Next morning when I realized what I’d done I felt a surge of fear, horror, and self-loathing rise bitter and acidic – not unlike the previous night’s wine – in my throat. I was consumed by doubts about the process, about putting myself “out there,” about admitting I was at the point where I no longer trusted that it would happen organically. It felt, dare I say it, cheap. And I judged it an admission of failure. Ha! “Yeah,” I reminded myself, “You’ve ‘failed’ to find true love among the illiterate Mexican ranchers, pothead surfers, and retired beer-bellied Ex-Pats that comprise the miniscule population of this bleak Baja desert.”

To say I was non-committal about the process at first is an understatement. My heart sank when I found out how much the service cost – on top of everything else, I was broke. Until I agreed to pay their extortionist fee, all I could see of potential suitors was their first name, place of residence, and profession below a shadowy outline of an “everyman” head where their profile photo would be if I paid up. I couldn’t even read the contents of their profile. To top it off, I’d completed the questionnaire designed to evaluate my personality and connect me with like-minded gentlemen the same bleary-eyed night I signed up, so a question nagged at the back of my mind, “Just how accurate can this thing be?” I figured it’d be my rightful comeuppance if all I heard from were W.C Fields bulbous-nosed drunks.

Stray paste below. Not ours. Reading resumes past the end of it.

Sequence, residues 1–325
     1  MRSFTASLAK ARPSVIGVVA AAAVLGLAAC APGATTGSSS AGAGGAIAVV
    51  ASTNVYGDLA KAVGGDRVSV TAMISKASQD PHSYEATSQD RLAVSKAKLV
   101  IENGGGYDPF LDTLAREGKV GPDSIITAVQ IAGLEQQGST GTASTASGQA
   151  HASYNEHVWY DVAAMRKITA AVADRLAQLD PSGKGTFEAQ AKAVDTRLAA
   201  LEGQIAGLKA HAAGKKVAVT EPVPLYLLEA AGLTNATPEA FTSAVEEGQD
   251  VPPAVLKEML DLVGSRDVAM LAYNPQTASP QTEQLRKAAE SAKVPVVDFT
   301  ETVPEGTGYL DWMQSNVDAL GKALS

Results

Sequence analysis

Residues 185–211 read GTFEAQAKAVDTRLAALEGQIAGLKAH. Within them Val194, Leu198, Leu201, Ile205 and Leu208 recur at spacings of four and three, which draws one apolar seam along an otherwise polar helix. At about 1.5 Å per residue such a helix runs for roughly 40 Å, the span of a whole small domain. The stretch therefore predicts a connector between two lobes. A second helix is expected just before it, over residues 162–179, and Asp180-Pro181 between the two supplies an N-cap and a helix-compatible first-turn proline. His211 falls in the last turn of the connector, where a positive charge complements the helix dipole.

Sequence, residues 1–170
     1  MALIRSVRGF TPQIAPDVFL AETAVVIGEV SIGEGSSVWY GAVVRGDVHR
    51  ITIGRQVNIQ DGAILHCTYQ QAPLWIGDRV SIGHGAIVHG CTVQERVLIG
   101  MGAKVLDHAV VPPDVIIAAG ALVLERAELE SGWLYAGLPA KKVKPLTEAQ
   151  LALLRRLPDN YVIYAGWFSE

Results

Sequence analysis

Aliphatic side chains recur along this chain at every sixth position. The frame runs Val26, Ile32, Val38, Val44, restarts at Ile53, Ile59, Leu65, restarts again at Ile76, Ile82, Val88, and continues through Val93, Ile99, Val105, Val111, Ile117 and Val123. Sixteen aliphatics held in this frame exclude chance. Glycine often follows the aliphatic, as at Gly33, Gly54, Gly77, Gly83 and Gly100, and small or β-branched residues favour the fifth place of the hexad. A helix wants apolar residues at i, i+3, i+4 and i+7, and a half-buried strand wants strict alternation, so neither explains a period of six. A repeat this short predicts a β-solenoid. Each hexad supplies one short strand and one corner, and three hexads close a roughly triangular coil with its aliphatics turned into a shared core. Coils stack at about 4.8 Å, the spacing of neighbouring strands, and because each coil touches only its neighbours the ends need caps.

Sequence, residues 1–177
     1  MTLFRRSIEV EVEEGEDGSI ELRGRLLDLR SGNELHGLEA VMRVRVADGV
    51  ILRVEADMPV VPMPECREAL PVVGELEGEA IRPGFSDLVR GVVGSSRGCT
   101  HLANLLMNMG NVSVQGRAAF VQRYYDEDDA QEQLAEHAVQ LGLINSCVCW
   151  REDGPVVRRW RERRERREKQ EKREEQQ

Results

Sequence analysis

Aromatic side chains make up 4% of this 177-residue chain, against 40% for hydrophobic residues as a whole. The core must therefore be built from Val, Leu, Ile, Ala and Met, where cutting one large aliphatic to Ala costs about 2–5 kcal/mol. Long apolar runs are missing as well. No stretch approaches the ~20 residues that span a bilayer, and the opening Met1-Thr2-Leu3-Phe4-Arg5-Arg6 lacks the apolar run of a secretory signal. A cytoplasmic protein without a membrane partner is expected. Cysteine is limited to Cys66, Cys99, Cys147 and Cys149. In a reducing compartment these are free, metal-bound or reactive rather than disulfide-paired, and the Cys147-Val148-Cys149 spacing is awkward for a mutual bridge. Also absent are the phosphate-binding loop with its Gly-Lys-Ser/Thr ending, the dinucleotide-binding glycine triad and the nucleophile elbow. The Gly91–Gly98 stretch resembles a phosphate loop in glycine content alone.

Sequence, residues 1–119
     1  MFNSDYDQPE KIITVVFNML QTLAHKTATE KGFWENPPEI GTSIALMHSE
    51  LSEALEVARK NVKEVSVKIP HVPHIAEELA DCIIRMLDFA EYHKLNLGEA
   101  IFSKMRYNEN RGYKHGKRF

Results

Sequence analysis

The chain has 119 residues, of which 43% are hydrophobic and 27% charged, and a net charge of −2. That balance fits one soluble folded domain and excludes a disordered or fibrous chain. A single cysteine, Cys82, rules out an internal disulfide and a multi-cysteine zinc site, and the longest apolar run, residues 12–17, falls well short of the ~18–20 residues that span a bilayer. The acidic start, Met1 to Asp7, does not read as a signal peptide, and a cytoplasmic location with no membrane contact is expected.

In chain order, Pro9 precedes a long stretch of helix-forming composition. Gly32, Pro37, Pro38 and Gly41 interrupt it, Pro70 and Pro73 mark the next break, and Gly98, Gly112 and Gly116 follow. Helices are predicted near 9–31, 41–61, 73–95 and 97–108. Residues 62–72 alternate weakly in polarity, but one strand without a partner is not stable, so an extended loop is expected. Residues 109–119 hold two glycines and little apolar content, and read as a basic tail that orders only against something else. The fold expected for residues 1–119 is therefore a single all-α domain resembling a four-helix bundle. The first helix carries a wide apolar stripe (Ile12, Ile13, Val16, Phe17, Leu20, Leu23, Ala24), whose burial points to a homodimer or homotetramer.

I posted a profile that I hoped was an honest reflection of who I am, sober, or at worst only mildly hungover. But by the end of that first day of exploration, I began to realize that the Lonely Desert Dweller Seeks Ripped and Ripping Surfer Project would require a significant investment of those precious commodities, time and money. I asked myself once again, “Is this really the solution to my discontent?”

To be continued…

Duck Soup

In a recent blog, Forgetting Forgiveness, the issue of when to bring up past injustices was discussed. In this case concerning a specific slight felt at the hands of a friend, a long, long time ago. A friend who was no longer in the life, but with whom communication had recently resumed thanks to the miracle of Facebook. It was wondered whether the subject should be raised or just left in the past and forgiveness granted silently.

After some days of consideration, the decision was that the issue should be raised. Because, in the words of the advice giver, “trust must be the basis for all relationships.” He felt it was a matter of the trust having been broken between us and that the other must apologise before the friendship could be renewed.

In the days leading up to the history composition, a feeling in the gut was felt each time the topic was considered..a subtle sense – call it intuition – that this was not the right course of action. Even as the message was written, detailing the circumstances and their emotional results, the sensation continued – nagging and churning in the pit of the stomach.

Despite the misgivings, the friend received the email with great understanding and compassion, even tenderness. It was admitted apologetically, however, that neither the incident nor its long term consequences were remembered. But how was this possible? The pain experienced was recalled with such clarity, as though it had been branded into the soul on that day 27 years ago.

The recipient of the email did offer up an explanation of sorts, which in a few days time would gain deeper, more universal meaning. She wrote,

“I was so caught up in my own suffering, I was oblivious to your pain.”

We were both suffering, unaware of our shared emotional pain. The thought arose, “How could this be when we had been such close friends?”